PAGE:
– Provincial party magazine article stated Admiral Yin has “participated in evaluation work for important national military strategy decision-making” (Lao You, No. 1, 2013).

– Started appearing on CCTV in 1999- Regular guest and host, CCTV military affairs program Junqing Lianliankan from 2004 to 2011

– Special Commentator, CCTV

– Appears as a guest in internet chats for Huanqiu Wang [Global Times Net] and Renmin Wang [People’s Daily Online]


  1. Andrew Scobell, “Is There a Civil-Military Gap in China’s Peaceful Rise?,” Parameters, Summer 2009, pp. 4–22; Susan Shirk, China: Fragile Superpower, Oxford: Oxford University Press, 2007; ‘Hawks vs. Doves’, China Brief, August 19, 2010.
  2. Rear Admiral Zhang Zhaozhong stated that accepting an interview from foreign media would require the approval of the State Council Information Office (the central government’s propaganda organ), the GPD Propaganda Department’s External Propaganda Bureau and the NDU Propaganda Department. He added that he needs special permission to speak on Chinese provincial television with the exception of Beijing TV (Tencent Comment, November 2011)
  3. Zhu Pengpeng, Mi yiyang de rensheng [A Life Like a Riddle], Hong Kong: Tianma Company, 2012, p.435.
  4. Dai Xu’s lecture is available online at http://www.youtube.com/watch?v=lfJ5dUIysKg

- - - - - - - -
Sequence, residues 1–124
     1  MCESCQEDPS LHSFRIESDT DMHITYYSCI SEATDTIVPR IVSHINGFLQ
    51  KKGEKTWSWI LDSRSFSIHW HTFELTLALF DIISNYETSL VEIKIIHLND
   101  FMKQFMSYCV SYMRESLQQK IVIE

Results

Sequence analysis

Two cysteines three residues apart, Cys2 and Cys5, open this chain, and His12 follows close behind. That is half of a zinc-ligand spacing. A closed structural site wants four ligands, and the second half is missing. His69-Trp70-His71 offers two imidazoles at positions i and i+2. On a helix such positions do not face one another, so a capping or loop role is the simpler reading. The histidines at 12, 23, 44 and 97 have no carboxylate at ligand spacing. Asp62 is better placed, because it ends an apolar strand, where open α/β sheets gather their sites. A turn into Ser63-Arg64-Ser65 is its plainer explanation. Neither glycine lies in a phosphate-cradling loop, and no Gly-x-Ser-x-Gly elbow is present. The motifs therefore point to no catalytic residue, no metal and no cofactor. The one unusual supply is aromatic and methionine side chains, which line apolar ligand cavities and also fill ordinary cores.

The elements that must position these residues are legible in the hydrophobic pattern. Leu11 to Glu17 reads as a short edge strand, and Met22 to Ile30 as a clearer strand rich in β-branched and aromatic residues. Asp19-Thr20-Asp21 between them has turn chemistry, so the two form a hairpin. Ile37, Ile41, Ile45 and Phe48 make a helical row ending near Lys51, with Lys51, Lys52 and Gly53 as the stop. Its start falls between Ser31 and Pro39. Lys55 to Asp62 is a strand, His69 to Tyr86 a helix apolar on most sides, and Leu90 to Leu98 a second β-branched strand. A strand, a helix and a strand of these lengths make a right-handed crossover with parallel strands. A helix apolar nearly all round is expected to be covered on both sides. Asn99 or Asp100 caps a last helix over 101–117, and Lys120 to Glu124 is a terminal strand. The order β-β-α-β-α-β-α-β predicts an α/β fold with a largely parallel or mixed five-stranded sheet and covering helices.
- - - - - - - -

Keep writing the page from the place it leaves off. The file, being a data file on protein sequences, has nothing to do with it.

5. There are a great many purported Zhang Zhaozhong quotes that may have been made up; those that I have quoted here have either appeared in transcript form on official sites, or been translated directly from online video or television.

8 Comments on “Propaganda, Not Policy: Explaining the PLA’s “Hawkish Faction” (Part One)”

  1. […] Propaganda, Not Policy: Explaining the PLA’s “Hawkish Faction” (Part One) → […]

  2. […] PLA’s external­­ (duiwai) propaganda work system, which Part One showed most of the “hawks” belong to, has been greatly strengthened in recent years in line […]

  3. […] difference being, as he said in his lecture to the PLAAF Political Academy in Shanghai, “in thought, anything goes, but […]

  4. […] strategist, or is it more likely to be expertly delivered propaganda designed to look like “leak“, in order to influence what Chinese and foreign audiences believe about how the PLA sees the […]

  5. […] briefly recap, my view is that, based on analysis of the backgrounds and affiliations of the main “hawks”, the belligerent military voices in the Chinese […]

  6. […] as well as the ongoing ideological acceptability of the glorification of anti-Japan violence, and war-talk in centrally-controlled media, the CCP would clearly prefer that such people’s imaginings of […]

  7. […] a whole? (I encourage those interesting in following this debate in full to read Mr. Chubb’s original essays for the Jamestown Foundation’s China Brief, a more recent review essay by Yawei Liu […]

  8. […] force on PRC foreign policy. It is different, too, from the picture painted by “hawkish” PLA media pundits and state-run media like the Global Times (环球时报), which often claimto speak for Chinese […]